A Tinder-like app for professionals

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Ripple, the networking app, has been developed by former Tinder employees.

Tinder, the location-based social search mobile app that is popular as a dating app, has been working wonders for its users, has it not? On a somewhat similar line, a group of former Tinder employees have launched an app called Ripple, which would help users network with professionals in their area. As Ryan Ogle, the dating app’s chief technology officer, is also on-board the Ripple, one can expect it to disrupt the professional networking domain, which is largely dominated by LinkedIn.

What would also give Ripple an edge over its competitors is its mobile-first approach. Also, LinkedIn is mostly about job searches and candidate spotting, and the interaction that happens there is limited. Ripple would play in this domain gap.

Ogle, who is the founder and CEO of the app, red carpeted the app for the press at the ongoing Consumer Electronics Show (CES) in Las Vegas.

How Ripple came into existence is a remarkable tale. The seed of Ripple was sown during the Tinder Hackathon Project, where it was decided that instead of promoting Ripple as a subfeature on Tinder,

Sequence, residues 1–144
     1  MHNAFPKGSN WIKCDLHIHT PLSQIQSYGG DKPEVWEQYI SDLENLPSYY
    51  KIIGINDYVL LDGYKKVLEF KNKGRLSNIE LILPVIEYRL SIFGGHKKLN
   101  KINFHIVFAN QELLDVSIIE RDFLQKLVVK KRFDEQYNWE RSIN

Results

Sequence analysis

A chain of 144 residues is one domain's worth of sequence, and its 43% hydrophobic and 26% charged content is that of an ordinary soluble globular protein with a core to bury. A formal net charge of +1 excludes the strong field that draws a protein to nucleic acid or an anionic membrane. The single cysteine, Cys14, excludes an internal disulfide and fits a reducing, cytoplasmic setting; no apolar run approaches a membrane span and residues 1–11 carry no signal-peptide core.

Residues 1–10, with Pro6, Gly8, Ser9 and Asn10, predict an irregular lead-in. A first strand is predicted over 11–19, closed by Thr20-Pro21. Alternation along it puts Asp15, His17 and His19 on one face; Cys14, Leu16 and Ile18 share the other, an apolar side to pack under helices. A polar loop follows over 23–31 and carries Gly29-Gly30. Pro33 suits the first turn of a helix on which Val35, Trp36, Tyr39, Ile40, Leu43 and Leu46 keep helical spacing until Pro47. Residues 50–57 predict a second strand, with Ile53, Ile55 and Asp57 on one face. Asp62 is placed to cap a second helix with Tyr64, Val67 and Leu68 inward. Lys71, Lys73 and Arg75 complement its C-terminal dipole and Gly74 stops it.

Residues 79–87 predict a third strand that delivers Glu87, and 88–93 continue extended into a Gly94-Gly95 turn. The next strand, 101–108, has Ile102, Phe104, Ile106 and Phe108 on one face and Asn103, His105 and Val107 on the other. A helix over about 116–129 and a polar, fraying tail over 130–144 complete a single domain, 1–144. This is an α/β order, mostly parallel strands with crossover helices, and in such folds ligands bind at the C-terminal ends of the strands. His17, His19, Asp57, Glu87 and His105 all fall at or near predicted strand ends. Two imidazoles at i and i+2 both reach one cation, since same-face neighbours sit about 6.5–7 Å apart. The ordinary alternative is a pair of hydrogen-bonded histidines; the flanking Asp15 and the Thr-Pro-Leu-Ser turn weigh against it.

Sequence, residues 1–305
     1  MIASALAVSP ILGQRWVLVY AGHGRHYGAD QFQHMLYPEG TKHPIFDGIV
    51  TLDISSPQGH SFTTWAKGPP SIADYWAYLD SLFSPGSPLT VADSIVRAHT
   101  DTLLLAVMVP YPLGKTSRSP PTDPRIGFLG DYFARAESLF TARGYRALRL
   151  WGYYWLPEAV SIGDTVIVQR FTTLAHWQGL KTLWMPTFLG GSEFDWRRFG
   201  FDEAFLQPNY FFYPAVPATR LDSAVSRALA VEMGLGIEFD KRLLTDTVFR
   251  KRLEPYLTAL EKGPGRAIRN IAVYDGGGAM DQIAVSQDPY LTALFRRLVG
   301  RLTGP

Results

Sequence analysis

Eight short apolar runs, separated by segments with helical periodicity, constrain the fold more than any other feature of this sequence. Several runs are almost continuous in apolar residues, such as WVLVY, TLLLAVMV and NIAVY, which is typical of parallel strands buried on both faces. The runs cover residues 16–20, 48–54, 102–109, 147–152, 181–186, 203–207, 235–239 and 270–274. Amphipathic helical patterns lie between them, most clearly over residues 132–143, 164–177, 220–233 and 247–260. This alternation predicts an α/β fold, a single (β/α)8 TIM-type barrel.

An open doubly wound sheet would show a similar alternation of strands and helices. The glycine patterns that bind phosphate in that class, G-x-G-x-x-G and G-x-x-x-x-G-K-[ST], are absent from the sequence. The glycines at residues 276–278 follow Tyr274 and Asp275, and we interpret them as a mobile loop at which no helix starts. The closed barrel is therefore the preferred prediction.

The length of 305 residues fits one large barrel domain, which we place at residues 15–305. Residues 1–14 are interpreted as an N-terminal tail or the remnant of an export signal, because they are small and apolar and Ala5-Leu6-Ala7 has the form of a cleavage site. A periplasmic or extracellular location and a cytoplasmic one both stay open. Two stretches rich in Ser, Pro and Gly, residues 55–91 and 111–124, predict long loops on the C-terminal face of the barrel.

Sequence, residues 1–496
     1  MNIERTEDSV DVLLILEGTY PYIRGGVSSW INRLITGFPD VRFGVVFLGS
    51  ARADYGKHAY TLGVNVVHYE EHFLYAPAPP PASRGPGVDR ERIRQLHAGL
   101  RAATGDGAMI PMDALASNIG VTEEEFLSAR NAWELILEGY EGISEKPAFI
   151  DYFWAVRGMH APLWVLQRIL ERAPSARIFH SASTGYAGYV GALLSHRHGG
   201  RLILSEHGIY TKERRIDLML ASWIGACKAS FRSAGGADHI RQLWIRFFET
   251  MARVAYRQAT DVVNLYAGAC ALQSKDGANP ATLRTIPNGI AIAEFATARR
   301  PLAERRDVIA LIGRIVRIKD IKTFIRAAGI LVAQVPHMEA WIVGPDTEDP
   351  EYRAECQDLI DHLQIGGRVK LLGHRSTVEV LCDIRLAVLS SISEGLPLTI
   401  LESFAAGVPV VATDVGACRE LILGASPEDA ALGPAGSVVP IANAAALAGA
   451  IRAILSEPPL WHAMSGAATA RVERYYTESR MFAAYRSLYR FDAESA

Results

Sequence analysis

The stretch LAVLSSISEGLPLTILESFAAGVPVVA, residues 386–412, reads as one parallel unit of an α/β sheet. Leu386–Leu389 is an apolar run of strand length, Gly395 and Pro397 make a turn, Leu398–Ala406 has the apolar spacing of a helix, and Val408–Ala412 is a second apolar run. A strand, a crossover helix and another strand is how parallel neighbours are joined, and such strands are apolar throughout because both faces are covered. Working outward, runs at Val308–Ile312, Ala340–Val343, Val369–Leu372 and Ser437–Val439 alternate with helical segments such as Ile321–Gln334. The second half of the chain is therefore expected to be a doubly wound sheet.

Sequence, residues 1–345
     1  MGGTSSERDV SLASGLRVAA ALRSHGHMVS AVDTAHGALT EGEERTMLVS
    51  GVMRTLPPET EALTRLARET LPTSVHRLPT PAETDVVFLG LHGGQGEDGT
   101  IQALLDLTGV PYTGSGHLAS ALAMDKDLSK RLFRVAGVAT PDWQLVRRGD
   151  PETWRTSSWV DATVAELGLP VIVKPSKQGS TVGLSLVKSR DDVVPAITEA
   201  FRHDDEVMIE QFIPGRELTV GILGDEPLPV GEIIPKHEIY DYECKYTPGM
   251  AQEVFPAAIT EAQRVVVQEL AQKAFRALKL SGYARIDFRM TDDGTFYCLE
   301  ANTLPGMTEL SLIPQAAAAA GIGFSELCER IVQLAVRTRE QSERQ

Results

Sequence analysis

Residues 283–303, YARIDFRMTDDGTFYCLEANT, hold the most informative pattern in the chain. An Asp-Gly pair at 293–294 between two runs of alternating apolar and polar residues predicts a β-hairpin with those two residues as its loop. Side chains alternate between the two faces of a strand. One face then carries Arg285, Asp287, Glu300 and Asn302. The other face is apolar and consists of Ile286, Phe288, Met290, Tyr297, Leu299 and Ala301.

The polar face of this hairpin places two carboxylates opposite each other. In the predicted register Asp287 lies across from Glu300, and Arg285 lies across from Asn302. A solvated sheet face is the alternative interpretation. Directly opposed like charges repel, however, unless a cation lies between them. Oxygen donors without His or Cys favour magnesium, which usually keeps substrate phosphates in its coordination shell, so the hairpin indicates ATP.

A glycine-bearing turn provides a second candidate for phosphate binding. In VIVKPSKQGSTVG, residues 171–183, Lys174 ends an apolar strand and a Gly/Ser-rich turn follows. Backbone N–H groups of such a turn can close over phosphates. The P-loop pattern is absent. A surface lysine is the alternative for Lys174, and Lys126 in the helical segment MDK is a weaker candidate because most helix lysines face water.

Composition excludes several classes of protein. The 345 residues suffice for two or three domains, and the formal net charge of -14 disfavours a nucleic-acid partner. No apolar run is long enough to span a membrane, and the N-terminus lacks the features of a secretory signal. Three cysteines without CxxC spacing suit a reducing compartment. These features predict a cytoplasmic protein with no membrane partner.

Ripple would be incorporated as a separate company (Ripple App Corp), and funded accordingly by the owner of Tinder IAC’s Match Group. It is, however, unknown how much stake Match Group has retained in the app. In addition, it is known that there is no investment in the app from external investors, and whatever money has been raised has been done so by Match Group and the founders of the app, which also includes Tinder’s first Android developer, Paul Cafardo and Tinder lead designer, Gareth Johnson.

Talking about the app, Ogle said that Tinder was successful because it connected two people who were genuinely interested in each other, without any fear of rejection. It is this same psychology that has fuelled the design and functioning of Ripple.

Ripple, just as Tinder, will have the swipe left or right function, but it will also showcase jobs, skills and interest. Needless to say, both the users will have to agree to connect with each other.

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